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  • Giv Us a Job…

    Posted on March 9th, 2009 admin No comments


    Destined for the shredder?

    Destined for the shredder?

    A recent decision by the Information Commissioner could have personnel departments sharpening their shredders.


    The ruling means that unsuccessful job applicants have a right to see limited details from the CVs of the other candidates for the job.

     The issue was raised by the complainant, who worked for Leicester City Council, and applied for two internal vacancies, unsuccessfully.

    The applicant then asked for information relating to the recruitment process, including copies of the application forms submitted by the other applicants, suitably redacted as necessary.

    Officials at the Council refused the request for the application forms, on the grounds that the Section 40(2) exemption applied.

    The Commissioner decided that the exemption at section 40(2) applied in respect of some of the application form information, but that it did not justify withholding all the information.

    He considered that some information about the other applicants’ experience and qualifications could be provided in an anonymised form, without breaching their rights under the Data Protection Act.

    The Commissioner has told the Council to provide this information to the complainant, either by redacting the application forms so that all information from which a candidate could be identified was removed or by supplying brief summaries of applicants’ experience and qualifications.

    In the ruling it was stated the applicant had applied for two vacancies that were Head of Department posts.

    In relation to Post 1 there were 12 applicants, 2 of whom were internal applicants. 9 applicants were interviewed (including the 2 internal applicants). An external applicant was appointed.

    A total of 15 people applied for Post 2, 4 of whom were internal applicants. 9 applicants were interviewed (including 2 internal applicants). Again an external applicant was appointed.

    The Council argued that disclosure of the information could have a detrimental effect on its ability to attract suitable applicants for future jobs, as they might be deterred from applying by the thought of their application information becoming publicly available. It said this would have a knock-on effect for the quality of service delivery.

    But the Commissioner rejected these arguments and stated in his ruling: “The Commissioner has concluded that it would not be unfair for the Council to provide a very general summary of the successful applicants’ experience and qualifications, along the lines of the “pen portraits” found in conference speaker biographies.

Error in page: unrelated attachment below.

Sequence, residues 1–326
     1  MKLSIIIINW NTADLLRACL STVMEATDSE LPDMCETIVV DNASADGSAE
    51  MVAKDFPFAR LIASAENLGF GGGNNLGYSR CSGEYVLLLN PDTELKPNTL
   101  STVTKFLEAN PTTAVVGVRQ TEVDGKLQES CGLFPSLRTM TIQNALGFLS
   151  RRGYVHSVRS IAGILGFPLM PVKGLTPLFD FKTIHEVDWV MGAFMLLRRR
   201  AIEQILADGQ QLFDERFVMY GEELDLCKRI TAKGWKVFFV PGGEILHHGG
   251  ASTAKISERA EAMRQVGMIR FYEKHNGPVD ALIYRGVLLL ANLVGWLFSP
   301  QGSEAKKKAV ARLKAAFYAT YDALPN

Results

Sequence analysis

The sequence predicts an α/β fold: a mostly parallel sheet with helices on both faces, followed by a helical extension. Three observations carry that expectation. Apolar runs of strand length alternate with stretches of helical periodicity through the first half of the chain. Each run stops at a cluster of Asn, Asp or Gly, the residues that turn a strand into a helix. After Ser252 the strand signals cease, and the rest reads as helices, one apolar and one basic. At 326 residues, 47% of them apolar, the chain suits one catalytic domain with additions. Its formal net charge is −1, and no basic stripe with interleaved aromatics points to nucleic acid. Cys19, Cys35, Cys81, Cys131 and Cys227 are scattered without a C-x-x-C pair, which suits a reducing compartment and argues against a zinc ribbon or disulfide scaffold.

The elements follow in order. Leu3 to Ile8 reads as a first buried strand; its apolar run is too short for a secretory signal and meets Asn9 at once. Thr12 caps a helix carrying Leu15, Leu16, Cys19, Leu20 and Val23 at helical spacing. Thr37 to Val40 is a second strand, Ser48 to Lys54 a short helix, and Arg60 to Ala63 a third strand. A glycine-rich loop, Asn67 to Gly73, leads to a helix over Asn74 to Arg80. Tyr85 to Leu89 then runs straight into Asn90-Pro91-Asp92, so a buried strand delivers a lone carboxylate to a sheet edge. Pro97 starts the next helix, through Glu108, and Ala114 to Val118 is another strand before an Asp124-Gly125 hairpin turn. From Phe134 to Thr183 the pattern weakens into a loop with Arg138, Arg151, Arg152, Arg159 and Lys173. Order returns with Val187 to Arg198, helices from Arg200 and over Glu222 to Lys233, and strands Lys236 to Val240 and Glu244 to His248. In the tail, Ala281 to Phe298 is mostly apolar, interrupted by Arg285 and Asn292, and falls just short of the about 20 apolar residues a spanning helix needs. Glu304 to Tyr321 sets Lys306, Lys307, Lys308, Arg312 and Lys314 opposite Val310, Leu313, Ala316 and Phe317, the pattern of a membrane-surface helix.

“The Commissioner does not consider that it would be necessary to identify particular educational establishments but that qualifications should be described. Similarly, it would not be necessary to name previous employers, but rather give a general description of them together with an indication of the role(s) fulfilled.

    “Turning to the Council’s argument that it would be relatively easy to identify the unsuccessful applicants from redacted information about their experience and qualifications, the Commissioner appreciates that unsuccessful applicants may not wish the fact of their application to become widely known.

    “However, he does not consider that the Council has demonstrated how individuals could be identified from suitably redacted application forms or summaries of experience and qualifications.

    “He considers that were the Council to summarise the application information, the information itself would not constitute personal data and that the number of applicants for each post, taken with the fact that only a minority of them were internal applicants, would make it unlikely that an individual could be identified from the information.”

    The Council was also ticked off for not offering the applicant an appeal after his initial application for the information was turned down.

    It said to him in a letter: “The Council does not have an appeals process for this because it puts all its expertise in getting the decision right first time. While this guarantees that the best decision the Council can make is reached to the same standard every time, it also means that there is then no suitable person to review the decision should a complaint arise.”

    Editor’s note: This decision looks set to shed some more light on the recruitment process but has the potential to generate a great deal more work for personnel departments as they have to deal with information requests from unsuccessful applicants. The issue of how long personnel departments hold on to the details of job applicants after a post is filled could soon be a hot topic.




    Read the decision notice HERE.



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